I created a database of time-coded transcripts of every episode and then I selected clips, lines of dialog and scenes accordingly. With Don Loves Roger, I literally wrote with these pieces of TV: the disparate clips, cutaways and lines of dialog, chipping away and rearranging it until I had a definitive story arc that made sense.
Just like with any writing process, there are a ton of great scenes that don’t make it in to the final draft because, although perfect, they don’t fit the story. For example, I have a tragic phone conversation between Don and Roger where Don wants to come out of the closet and Roger tells him it’s not worth it. Don’s heartbroken and defeated. (In its original context, it’s a scene from “The Suitcase” where Don finds out Anna has died). That scene remixed with Roger on the other end of the phone fit together so well but it didn’t fit my story. So I cut it and it hurt to see it go. But it’s just like any other writing and editing process, you’re just writing with existing TV.
With Set Me Free, Marc Faletti was my right-hand man. We went to the transcript database again and pulled every line for every female character, grouped them according to themes and then narrowed them down to the ones that emphasized our concept of wanting to be set free but being physically trapped (hence the boxes). Marc made the boxes, laid the track and it all came together amidst the craziness of South by Southwest.
Have copyright laws posed a challenge to your work?
The remixes are all protected under Fair Use, a portion of copyright law that allows for use of copyright materials, without the permission of the copyright holder, for purposes of comment, critique, homage, satire, etc. Unfortunately, video sharing sites like YouTube continue to remove fair use content based on their profit sharing agreements with media conglomerates. For example, QueerMen: Don Loves Roger is still unable to be shared on YouTube because Lionsgate thinks it might be a copyright infringement and chose to disable embedding.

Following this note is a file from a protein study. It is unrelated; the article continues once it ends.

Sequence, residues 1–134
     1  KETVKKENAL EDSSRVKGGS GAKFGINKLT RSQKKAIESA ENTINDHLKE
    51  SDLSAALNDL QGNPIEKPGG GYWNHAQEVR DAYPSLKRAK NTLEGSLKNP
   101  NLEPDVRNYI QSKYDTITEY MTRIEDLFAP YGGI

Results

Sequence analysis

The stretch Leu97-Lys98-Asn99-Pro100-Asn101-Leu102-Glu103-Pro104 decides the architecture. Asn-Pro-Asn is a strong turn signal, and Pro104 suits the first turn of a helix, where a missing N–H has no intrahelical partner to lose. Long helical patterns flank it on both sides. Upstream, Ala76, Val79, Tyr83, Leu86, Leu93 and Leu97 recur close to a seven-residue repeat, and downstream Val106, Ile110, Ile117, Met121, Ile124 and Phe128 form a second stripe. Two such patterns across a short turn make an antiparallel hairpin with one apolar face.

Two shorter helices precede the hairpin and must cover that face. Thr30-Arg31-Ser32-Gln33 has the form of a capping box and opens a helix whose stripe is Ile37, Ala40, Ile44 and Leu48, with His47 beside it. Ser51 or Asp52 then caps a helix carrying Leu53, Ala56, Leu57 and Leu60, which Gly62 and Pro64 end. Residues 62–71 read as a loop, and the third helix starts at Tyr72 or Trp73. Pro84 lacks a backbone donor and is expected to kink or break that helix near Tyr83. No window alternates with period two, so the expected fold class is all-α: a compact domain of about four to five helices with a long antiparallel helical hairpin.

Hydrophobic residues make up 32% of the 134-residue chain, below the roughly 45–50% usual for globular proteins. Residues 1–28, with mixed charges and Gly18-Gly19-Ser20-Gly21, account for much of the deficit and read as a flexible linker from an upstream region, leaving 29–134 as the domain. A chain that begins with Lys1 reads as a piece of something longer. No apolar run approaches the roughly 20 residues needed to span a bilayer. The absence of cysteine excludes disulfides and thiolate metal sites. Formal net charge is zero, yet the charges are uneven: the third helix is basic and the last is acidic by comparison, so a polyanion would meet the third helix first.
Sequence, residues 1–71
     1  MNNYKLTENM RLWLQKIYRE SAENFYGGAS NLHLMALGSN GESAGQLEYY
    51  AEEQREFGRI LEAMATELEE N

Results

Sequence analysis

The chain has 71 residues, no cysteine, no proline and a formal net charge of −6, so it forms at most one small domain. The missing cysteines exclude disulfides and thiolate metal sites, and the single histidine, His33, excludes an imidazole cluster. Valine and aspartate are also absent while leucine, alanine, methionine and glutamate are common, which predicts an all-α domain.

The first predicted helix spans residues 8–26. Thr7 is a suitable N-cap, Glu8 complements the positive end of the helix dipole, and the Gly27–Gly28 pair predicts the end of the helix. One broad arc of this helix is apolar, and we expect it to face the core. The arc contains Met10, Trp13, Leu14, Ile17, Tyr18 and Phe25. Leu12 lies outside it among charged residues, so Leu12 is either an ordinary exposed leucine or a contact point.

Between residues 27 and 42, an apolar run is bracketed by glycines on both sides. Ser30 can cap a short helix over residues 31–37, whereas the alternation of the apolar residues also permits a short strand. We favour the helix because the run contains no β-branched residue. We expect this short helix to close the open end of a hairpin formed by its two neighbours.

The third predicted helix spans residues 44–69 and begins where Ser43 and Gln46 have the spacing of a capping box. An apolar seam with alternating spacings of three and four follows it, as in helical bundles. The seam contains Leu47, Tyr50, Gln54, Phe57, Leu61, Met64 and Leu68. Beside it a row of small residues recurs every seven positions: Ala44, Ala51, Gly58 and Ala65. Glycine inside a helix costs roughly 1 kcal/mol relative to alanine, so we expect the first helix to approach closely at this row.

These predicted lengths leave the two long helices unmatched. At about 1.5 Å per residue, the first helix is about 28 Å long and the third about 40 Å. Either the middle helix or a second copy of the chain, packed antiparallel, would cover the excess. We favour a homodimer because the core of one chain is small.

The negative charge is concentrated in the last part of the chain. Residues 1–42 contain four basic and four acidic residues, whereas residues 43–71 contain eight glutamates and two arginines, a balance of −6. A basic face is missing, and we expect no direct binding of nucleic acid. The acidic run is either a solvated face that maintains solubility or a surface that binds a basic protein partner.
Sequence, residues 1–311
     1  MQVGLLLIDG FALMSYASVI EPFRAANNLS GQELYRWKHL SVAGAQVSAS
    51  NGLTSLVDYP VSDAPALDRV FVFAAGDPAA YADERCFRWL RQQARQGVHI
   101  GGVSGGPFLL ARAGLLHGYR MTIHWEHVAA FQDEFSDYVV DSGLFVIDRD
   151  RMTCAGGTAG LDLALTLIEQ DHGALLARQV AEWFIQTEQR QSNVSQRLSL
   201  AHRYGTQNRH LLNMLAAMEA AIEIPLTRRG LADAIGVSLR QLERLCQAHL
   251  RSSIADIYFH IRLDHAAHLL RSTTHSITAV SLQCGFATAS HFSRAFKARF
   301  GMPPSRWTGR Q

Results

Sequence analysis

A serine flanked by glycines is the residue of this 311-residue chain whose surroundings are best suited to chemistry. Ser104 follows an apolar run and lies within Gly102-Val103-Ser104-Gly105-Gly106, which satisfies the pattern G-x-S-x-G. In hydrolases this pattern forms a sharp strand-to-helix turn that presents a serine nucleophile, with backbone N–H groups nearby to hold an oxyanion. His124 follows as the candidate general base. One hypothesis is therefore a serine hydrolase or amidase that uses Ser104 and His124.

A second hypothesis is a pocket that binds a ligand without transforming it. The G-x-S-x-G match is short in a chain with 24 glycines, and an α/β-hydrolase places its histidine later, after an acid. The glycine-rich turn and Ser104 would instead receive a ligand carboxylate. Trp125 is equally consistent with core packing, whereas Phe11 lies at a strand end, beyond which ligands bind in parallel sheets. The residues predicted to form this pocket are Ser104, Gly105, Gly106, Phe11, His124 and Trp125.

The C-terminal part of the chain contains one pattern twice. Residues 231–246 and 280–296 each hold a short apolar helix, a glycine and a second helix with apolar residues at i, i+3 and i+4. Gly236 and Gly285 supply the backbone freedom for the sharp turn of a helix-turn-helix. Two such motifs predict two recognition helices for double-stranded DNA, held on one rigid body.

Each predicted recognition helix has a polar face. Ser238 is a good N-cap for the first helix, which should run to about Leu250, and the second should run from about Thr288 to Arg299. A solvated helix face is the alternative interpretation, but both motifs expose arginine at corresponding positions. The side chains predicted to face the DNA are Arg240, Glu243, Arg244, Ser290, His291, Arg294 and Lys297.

As a result, it’s vital that we understand our rights as creators under copyright law so that we can advocate for our work. The continued removal of fair use content means another voice in our community is lost with no documentation that it ever existed.
What do you want people to take away from the videos?
I hope audiences appreciate the way in which the remixes touch on issues of copyright, authorship and feminism; they aren’t just about characters from a TV show, although I think that’s the entry point. Mad Men is just the spoon full of sugar that makes the socio-political critique go down.
Has viral video as a medium contributed to or changed feminist conversation about pop culture in interesting ways?
Definitely. I think the popularity of feminist-made video illustrates how our feelings change when we see media and narratives that speak to us and our communities directly. As feminists and critical thinkers, we’re so used to negotiating between being a fan and critic of popular culture that when we see media and narratives made for us, it validates our sense of self in that community and unites us.